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Atmospheric Measurement Techniques An interactive open-access journal of the European Geosciences Union
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Volume 8, issue 2 | Copyright
Atmos. Meas. Tech., 8, 579-592, 2015
https://doi.org/10.5194/amt-8-579-2015
© Author(s) 2015. This work is distributed under
the Creative Commons Attribution 3.0 License.

Research article 04 Feb 2015

Research article | 04 Feb 2015

First continuous measurements of δ18O-CO2 in air with a Fourier transform infrared spectrometer

S. N. Vardag1, S. Hammer1, M. Sabasch1, D. W. T. Griffith2, and I. Levin1 S. N. Vardag et al.
  • 1Institut für Umweltphysik, Heidelberg University, Heidelberg, Germany
  • 2Department of Chemistry, University of Wollongong, Wollongong, Australia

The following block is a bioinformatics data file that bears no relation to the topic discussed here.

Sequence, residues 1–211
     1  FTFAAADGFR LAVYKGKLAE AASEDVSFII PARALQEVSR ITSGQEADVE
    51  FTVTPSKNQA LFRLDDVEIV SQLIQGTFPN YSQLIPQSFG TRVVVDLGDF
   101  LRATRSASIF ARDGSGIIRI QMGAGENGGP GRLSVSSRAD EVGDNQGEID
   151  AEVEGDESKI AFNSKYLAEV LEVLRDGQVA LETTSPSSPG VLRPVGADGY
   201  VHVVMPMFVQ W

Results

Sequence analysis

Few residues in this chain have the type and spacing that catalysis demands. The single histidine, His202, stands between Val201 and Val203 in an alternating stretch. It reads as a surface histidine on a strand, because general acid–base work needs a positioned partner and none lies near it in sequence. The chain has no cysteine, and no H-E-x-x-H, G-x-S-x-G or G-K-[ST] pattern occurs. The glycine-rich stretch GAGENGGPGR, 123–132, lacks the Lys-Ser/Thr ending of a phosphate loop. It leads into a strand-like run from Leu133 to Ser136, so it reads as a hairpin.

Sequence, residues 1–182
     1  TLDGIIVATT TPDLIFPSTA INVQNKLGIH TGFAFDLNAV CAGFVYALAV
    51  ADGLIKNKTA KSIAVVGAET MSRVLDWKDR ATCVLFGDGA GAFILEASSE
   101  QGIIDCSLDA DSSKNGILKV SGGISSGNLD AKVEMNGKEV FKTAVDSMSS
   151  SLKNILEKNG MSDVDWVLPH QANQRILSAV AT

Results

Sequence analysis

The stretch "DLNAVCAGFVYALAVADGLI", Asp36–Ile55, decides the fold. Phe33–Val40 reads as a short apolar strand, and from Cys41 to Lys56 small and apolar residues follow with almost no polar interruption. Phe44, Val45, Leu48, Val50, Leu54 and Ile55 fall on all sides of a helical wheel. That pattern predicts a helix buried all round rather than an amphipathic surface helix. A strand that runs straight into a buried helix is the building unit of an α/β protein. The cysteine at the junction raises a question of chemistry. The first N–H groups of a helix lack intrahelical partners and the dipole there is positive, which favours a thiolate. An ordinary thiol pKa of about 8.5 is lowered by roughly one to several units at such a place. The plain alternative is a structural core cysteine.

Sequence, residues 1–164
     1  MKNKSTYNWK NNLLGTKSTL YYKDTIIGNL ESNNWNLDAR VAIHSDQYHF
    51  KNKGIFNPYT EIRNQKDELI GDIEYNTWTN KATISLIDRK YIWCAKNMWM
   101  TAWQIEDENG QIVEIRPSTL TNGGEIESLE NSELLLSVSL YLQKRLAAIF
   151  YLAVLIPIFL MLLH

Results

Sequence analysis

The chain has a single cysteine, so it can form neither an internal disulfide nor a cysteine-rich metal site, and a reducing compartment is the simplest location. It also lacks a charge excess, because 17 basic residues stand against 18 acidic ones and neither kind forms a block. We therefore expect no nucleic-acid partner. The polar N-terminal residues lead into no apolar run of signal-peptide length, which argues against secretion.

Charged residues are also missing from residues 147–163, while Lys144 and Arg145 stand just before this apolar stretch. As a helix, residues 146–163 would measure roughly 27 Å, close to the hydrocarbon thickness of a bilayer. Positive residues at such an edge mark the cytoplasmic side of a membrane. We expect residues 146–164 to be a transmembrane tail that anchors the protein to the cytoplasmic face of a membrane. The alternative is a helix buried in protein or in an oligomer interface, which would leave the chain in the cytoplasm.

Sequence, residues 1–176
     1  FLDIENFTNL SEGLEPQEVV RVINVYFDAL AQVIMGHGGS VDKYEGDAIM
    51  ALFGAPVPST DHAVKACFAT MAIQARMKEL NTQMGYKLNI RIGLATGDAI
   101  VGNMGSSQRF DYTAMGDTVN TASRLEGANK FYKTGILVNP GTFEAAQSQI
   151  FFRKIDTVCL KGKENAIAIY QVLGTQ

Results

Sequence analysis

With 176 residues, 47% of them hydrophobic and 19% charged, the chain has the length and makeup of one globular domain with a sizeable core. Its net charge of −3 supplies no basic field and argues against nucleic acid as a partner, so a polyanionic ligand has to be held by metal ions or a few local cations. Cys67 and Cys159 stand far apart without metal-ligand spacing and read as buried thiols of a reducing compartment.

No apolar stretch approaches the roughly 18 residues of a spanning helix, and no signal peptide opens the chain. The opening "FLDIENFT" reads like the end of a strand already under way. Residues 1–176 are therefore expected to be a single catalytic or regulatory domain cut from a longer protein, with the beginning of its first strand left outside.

Abstract. The continuous in situ measurement of δ18O in atmospheric CO2 opens a new door to differentiating between CO2 source and sink components with high temporal resolution. Continuous 13C–CO2 measurement systems have already been commercially available for some time, but until now, only few instruments have been able to provide a continuous measurement of the oxygen isotope ratio in CO2. Besides precise 13C/12C observations, the Fourier transform infrared (FTIR) spectrometer is also able to measure the 18O / 16O ratio in CO2, but the precision and accuracy of the measurements have not yet been evaluated. Here we present a first analysis of δ18O-CO2 (and δ13C-CO2) measurements with the FTIR analyser in Heidelberg. We used Allan deviation to determine the repeatability of δ18O-CO2 measurements and found that it decreases from 0.25‰ for 10 min averages to about 0.1‰ after 2 h and remains at that value up to 24 h. We evaluated the measurement precision over a 10-month period (intermediate measurement precision) using daily working gas measurements and found that our spectrometer measured δ18O-CO2 to better than 0.3‰ at a temporal resolution of less than 10 min. The compatibility of our FTIR-spectrometric measurements to isotope-ratio mass-spectrometric (IRMS) measurements was determined by comparing FTIR measurements of cylinder gases and ambient air with IRMS measurements of flask samples, filled with gases of the same cylinders or collected from the same ambient air intake. Two-sample t tests revealed that, at the 0.01 significance level, the FTIR and the IRMS measurements do not differ significantly from each other and are thus compatible. We describe two weekly episodes of ambient air measurements, one in winter and one in summer, and discuss what potential insights and new challenges combined highly resolved CO2, δ13C-CO2 and δ18O-CO2 records may provide in terms of better understanding regional scale continental carbon exchange processes.

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